Speak up on mass transit editorial, April 29
Forget bus, light rail; try monorail
The light rail system being proposed is a complete waste of money.
I don't see any good point that I would give up my car for. It's not faster, it is not more convenient. Taking up one lane of road for the empty buses will make traffic worse. Most of the time there are fewer than five passengers on the buses I see.
The buses get you to a neighborhood, not necessarily to your destination. The light rail cars have to stop at all crossings, or the other traffic has to stop. How does that help congestion?
Our county is not laid out for an efficient bus system. There are very few big destinations. Buses will not help get cars off the road if people won't use them.
A monorail system could be built above the Pinellas Trail, with stations about 5 miles apart, with minivans at each station that you could call to come to your home to pick you up and with another at your destination if needed. The monorail could go plus or minus 70 mph. If there were no passengers at a station, they would not stop.
This would take cars off the road. People would use it. If I could get to St. Petersburg or the airport in less time than driving and not have to park my car, it would be foolish not to use it.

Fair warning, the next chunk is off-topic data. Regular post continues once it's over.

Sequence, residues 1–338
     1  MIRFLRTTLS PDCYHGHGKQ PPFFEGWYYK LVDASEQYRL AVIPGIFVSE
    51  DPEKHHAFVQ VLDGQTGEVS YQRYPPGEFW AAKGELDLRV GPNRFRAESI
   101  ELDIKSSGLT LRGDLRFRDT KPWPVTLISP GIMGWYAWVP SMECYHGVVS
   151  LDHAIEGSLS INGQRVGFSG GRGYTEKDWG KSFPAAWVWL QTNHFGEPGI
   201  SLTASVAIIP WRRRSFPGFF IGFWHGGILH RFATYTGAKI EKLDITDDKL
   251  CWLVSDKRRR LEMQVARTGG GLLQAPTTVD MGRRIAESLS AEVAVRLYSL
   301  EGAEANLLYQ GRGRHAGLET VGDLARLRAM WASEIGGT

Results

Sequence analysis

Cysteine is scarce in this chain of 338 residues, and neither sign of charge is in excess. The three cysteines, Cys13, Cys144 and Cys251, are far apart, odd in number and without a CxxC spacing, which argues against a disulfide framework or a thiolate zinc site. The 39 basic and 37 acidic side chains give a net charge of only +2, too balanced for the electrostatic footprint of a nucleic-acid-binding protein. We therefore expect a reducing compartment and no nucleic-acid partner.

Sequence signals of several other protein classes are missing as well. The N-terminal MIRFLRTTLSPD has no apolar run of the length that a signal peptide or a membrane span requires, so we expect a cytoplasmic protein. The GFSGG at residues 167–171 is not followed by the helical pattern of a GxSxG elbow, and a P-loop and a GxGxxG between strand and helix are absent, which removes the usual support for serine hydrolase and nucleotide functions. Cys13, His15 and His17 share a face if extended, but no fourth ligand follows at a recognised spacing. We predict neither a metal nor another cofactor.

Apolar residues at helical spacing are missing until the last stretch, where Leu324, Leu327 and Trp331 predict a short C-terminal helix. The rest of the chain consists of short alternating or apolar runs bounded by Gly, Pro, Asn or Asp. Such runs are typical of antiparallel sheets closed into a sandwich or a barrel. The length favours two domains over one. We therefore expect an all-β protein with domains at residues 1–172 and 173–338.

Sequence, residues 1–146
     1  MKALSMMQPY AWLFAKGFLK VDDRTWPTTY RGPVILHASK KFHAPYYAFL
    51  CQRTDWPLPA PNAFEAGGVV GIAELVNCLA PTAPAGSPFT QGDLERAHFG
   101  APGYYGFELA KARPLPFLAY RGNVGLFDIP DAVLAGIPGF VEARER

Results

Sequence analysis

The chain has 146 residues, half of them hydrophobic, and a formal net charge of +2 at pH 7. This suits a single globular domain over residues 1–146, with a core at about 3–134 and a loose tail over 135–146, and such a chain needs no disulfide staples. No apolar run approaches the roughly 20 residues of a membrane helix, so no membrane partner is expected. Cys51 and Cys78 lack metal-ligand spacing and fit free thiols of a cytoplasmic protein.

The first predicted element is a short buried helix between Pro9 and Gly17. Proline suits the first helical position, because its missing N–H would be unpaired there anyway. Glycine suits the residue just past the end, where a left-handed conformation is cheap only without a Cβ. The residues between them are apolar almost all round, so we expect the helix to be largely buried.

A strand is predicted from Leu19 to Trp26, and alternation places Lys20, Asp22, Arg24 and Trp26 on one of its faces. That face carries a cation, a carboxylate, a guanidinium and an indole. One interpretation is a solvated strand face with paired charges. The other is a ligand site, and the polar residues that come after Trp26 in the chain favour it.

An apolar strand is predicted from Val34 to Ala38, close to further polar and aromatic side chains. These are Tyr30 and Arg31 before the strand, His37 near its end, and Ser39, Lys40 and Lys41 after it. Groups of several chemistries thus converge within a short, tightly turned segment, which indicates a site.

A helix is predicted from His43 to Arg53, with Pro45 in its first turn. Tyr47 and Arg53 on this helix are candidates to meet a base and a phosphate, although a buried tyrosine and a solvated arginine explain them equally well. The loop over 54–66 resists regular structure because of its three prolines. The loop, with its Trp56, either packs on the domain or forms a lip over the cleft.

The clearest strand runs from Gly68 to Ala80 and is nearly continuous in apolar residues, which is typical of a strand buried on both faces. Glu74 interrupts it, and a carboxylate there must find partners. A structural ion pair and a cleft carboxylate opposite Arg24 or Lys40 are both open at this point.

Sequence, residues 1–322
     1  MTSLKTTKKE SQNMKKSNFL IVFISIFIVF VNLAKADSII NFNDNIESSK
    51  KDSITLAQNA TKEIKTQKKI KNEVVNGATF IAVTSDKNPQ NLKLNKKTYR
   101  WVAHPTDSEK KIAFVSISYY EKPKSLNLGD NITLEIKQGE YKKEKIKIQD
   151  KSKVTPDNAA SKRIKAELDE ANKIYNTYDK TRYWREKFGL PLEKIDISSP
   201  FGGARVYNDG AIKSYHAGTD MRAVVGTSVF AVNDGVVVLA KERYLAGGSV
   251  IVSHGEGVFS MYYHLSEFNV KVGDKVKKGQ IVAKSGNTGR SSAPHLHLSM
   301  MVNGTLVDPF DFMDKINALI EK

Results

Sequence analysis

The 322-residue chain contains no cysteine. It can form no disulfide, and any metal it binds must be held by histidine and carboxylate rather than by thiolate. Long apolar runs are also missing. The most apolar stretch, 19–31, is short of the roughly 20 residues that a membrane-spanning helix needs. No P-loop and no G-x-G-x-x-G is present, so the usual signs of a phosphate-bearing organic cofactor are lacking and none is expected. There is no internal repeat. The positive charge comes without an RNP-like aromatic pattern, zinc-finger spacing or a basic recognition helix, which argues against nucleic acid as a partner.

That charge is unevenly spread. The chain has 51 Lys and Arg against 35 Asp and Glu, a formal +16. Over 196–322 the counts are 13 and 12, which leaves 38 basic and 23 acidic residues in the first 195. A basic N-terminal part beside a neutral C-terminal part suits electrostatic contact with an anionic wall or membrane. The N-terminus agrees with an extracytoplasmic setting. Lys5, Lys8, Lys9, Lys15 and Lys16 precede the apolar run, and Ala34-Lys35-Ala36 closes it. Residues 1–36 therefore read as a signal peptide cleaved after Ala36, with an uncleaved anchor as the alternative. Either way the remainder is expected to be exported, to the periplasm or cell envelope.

But to spend a fortune on a 100-year-old system that very few people would use is a waste of taxpayer money.
Edwin K. Sabala, Belleair
School language not for the pious
I read with dismay that the city manager of our "Delightful Dunedin" has removed piping director Sandy Keith from his position as a result of an incident at the tattoo. I think this action is premature. There must be more facts to consider and this might just be the result of someone with an ax to grind.
Mr. Keith has done so much for our students in his three decades of devotion to our musical Scottish heritage. So now a committee will find a new one. This man is not easily replaced, and I think this illustrious city manager does not even know the true score.
My children were in the Dunedin schools, two in the bands. Even in the 1970s when I complained at the office about students using bad language, I was told by the middle school vice principal that if I was going to be around young people, I needed to get used to the language.
Of course, now the Pinellas School Board plays monkey see-monkey do and will not keep him, which is a tragic loss to the students. This School Board needs to realize that what Mr. Keith did is small compared to some actions over the years by teachers who still have their jobs.
Jeanne Huntington, Dunedin
Good memories of Sandy Keith
I think Dunedin has made a big mistake by firing Sandy Keith after all he has done the past 28 years keeping the Scottish traditions alive in Dunedin and always ready with the band when the city asked him for big or small performances. I think he deserves better than what the city has done to him.
My son and daughter have come up through the schools and are now in the city band, and both have learned a lot over the years from Mr. Keith. Also, my grandsons now have had the experience of Mr. Keith to help them.
My husband and I have always thought he was the best.
Mavis Street, Dunedin